What To See And Things To Do In Venice In November?

                         "The beauty of Venice is in the winter, in its time of tranquility."                                                            -Massimo Borchi-                               

Venice is a beautiful city located in northeast Italy that is famous for its monuments, piazzas, narrow lanes, canals, and historical landmarks. Venice is, historically, the most beautiful city built by man and one of Europe’s most romantic cities. Venice is a group of fascinating small islands, where art and history combine with old trades and the beautiful sea.

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There are conflicting opinions on when is the best time to visit Venice. Most people say that the months of September to November (start of winter) is not a perfect time for touring Venice because of torrential and flooding rains.

Totally wrong - November is one of the best months to go to Venice! Aside from the fact that there are almost no tourists, the Venetians are accordingly much friendlier (less stressed) than they use to be most of the year, especially during peak seasons. Moreover, the lowered airfare, hotel rates, and the barren canals will make your visit worth it.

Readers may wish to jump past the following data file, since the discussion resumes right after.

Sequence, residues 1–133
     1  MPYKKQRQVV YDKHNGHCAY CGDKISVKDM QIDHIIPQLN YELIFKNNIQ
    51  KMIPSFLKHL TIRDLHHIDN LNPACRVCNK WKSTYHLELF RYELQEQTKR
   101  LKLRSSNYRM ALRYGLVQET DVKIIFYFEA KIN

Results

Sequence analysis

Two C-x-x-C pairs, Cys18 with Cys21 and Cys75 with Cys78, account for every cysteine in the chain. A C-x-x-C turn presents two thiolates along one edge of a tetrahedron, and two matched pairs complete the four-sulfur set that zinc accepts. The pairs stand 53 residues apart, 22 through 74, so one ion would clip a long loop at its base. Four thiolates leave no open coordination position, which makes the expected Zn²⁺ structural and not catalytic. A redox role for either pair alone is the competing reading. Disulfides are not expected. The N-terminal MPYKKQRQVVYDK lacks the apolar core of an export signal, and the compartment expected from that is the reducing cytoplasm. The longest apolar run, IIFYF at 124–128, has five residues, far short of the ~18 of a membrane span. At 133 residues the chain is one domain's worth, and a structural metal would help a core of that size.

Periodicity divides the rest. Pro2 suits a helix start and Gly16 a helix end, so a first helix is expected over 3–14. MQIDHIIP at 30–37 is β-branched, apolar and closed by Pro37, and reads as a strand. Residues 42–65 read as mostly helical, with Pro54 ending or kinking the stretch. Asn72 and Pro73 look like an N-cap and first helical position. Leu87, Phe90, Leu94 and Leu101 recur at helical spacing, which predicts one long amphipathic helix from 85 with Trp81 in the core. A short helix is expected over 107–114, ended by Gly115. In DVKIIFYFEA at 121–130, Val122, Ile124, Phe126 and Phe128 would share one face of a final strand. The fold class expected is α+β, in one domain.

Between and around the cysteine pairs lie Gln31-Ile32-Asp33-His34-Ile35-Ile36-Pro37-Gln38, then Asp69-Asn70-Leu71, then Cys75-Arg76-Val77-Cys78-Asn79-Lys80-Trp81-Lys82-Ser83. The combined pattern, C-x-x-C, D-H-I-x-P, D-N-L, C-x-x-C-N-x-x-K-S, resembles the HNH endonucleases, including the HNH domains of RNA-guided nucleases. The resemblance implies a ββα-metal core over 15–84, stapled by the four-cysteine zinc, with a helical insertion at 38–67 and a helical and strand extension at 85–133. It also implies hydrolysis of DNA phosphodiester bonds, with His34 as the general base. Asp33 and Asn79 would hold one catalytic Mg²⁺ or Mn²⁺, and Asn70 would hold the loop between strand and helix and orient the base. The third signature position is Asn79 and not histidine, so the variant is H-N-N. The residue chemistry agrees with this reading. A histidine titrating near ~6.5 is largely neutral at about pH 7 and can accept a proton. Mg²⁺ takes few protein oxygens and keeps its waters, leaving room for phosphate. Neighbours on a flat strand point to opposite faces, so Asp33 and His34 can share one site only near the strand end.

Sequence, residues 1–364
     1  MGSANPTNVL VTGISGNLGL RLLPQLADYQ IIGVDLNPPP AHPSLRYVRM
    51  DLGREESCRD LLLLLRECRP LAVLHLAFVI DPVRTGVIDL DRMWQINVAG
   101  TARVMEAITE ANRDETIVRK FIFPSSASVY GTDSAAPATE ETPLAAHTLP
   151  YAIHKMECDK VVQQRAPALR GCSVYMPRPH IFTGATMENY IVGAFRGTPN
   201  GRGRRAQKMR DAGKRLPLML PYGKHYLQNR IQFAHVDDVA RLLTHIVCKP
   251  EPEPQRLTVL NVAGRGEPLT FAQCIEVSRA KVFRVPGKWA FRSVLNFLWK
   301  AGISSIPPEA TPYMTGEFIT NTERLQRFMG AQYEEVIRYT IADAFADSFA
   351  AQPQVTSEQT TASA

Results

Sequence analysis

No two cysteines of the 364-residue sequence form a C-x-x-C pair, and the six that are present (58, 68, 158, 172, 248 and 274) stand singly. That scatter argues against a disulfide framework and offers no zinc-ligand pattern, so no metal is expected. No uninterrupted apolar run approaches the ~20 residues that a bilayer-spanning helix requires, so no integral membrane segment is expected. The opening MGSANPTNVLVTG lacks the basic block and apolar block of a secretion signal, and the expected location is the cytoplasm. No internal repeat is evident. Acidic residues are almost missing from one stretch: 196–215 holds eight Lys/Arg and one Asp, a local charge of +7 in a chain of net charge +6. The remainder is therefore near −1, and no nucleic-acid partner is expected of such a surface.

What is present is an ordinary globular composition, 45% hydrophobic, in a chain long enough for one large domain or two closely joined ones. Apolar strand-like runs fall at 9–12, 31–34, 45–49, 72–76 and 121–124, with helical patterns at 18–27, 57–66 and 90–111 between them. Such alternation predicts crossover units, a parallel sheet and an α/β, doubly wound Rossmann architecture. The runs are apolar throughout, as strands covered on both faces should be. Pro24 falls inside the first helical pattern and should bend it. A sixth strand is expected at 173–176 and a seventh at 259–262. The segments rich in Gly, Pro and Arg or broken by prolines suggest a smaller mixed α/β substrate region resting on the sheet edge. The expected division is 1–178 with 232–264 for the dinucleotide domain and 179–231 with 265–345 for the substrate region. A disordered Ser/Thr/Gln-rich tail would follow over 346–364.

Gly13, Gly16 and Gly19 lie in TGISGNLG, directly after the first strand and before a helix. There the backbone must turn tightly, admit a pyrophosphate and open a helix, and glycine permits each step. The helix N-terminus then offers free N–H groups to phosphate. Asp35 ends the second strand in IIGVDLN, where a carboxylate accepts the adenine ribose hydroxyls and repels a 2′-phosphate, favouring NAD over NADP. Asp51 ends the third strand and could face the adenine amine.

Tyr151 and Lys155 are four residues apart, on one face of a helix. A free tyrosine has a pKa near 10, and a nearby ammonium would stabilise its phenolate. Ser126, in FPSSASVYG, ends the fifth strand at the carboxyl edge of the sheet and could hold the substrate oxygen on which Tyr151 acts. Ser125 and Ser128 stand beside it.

As for us, the best time to visit Venice is during the month of November when tourists desert the city (because we all want the place to ourselves, right?) and prices are dropping (as well as the temperature).

Do you get that feeling when everything looks romantic, mysterious and ancient during the misty and damp weather? Well, expect to be overwhelmed with that feeling. Winters are cold with temperatures in the 30s and 40s, Acqua alta (high water) flooding tends to occur in the colder months, so make sure to pack a pair of rain boots and winter clothes if you plan on traveling then.

Things To Expect

1. Acqua Alta

Acqua Alta in Venice, Italy.

As we have mentioned, most people agree that November is not a perfect time for touring in Venice because of the rainy season. Well, we can’t blame them. The fear of flooding in Venice is one of the great "urban myths" of contemporary tourism –but fret not! Yes, the waters are SOMETIMES rising high enough to make moving through the city less than comfortable, but high tides are rare.